Acoustic Blues Guitar Teacher Queensland 4650 Teddington

acoustic blues guitar instructor Teddington Queensland 4650

 

Acoustic Blues Guitar Teacher 4650 Teddington Queensland

From its origin in the South, the blues’ simple but expressive forms had become by the 1960s one of the most important influences on the growth of music that is popular throughout the United States.

Although instrumental accompaniment is almost universal in the blues, the blues is basically a vocal form. Blues songs are lyrical rather than narrative; blues vocalists are expressing feelings instead of telling stories. The emotion expressed is normally one of depression or melancholy, commonly due to problems in love.

To express this musically, blues performers use vocal techniques including melisma (sustaining an individual syllable across several pitches), rhythmic techniques including syncopation, and instrumental techniques for example “choking” or bending guitar strings on the neck or applying a metal slide or bottleneck to the guitar strings to create a whining, voice-like sound.

Usually the first two and a half measures of each line are dedicated to the last measure, singing and a half consisting of an instrumental “break” that complements the vocal line, responses, or repeats.

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Acoustic Blues Guitar Teacher Queensland 4650 Teddington.

African influences are obvious in the blues tonality, the call-and-response pattern of the repeated refrain arrangement of the blues stanza, the falsetto break in the vocal style, and the imitation of vocal idioms by instruments, especially the guitar and harmonica.

The origins of the blues are poorly documented. It was determined by work songs and field hollers, minstrel show music, ragtime, church music, and the folk and popular music of the white citizenry. Blues derived from and was mainly played by Southern black men, most of whom came from the milieu of agricultural workers.

The earliest references to blues date s back to the 1890s and early 1900. In 1912 black bandleader W.C. Handy’s composition “Memphis Blues” was published. It became very popular, and afterward many other Tin Pan Alley tunes entitled blues began to appear.

Jefferson, Blind Lemon [Credit: Archive Photos]The rural blues grown in three principal areas, Georgia and the Carolinas, Texas, and Mississippi. The blues of Georgia and the Carolinas is noted for its clarity of enunciation and regularity of rhythm. Influenced by ragtime and white folk music, it’s more melodic than the Texas and Mississippi styles.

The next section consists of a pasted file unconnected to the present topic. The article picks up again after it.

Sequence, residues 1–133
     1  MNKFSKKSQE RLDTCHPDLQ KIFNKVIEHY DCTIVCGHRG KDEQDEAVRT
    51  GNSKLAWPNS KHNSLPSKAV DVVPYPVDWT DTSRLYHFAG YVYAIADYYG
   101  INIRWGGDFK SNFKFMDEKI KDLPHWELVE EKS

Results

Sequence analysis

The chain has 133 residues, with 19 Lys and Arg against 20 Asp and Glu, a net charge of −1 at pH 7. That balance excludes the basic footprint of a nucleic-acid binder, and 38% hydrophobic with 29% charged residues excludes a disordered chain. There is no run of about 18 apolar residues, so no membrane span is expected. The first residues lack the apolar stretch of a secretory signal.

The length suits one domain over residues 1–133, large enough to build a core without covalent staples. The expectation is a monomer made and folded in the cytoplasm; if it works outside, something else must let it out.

High, clear singing accompanied by supple guitar lines that consist typically of single characterizes the Texas blues -string picked arpeggios rather than strummed chords. Blind Lemon Jefferson was the most powerful Texas bluesman. Mississippi Delta blues is the most intense of the three styles and has been the most powerful. Vocally, it truly is the most speech-like, and the guitar accompaniment is percussive and rhythmic; a slide or bottleneck is frequently used. The Mississippi style is symbolized by Charley Patton, Eddie (“Son”) House, and Robert Johnson, among others.

Robert Johnson & Johnny Shines - Mississippi Blues Guitar Travelers

Acoustic Blues Guitar Teacher Teddington 4650 Queensland.

Rainey, Ma [Credit: Archive Pictures]The first blues records were made in the 1920s by black women for example Bessie Smith, Ma Rainey, Ida Cox, and Mamie Smith. These performers were chiefly stage vocalists backed by jazz bands; their style is referred to as classic blues.

As millions of blacks left the South for the cities of the North the Great Depression and the World Wars caused the geographical dispersal of the blues. The blues became adapted to the more advanced urban environment. The amplified harmonica and the electric guitar created a driving sound of great psychological and rhythmic intensity.

Hooker, John Lee [Credit: Frank Driggs Collection/Hulton Archive/Getty Images]Among the cities where the blues initially took root were Atlanta, Memphis, and St. Louis. John Lee Hooker settled in Detroit, and on the West Coast Aaron (“T-Bone”) Walker developed a style later adopted by Riley (“B.B.”) King.

It was Chicago, nonetheless, that played the greatest role in the development of urban blues. In the 1920s and ’30s Memphis Minnie, Tampa Red, Big Bill Broonzy, and John Lee (“Sonny Boy”) Williamson were popular Chicago performers. After World War II they were supplanted by a new generation of bluesmen that contained Muddy Waters, Chester Arthur Burnett (Howlin’ Wolf), Elmore James, Little Walter Jacobs, Buddy Guy, and Koko Taylor.

Many other musical styles have been affected by the blues. Blues and jazz are closely linked; such seminal jazzmen as Louis Armstrong and Jelly Roll Morton employed blues elements in their music. Rhythm and soul music and blues also reveal apparent blues tonalities and forms. The blues have had their biggest impact on rock music.

Blues content was regularly used by early rock singers like Elvis Presley. British rock musicians in the 1960s, John Mayall, Eric Clapton, and notably the Rolling Stones, were strongly influenced by the blues, as were such American rock musicians as Paul Butterfield, Mike Bloomfield, and the Allman Brothers Band.

local blues guitar teacher Teddington Queensland 4650

Acoustic Blues Guitar Teacher 4650 Teddington Queensland

 

 

 

 

 

 

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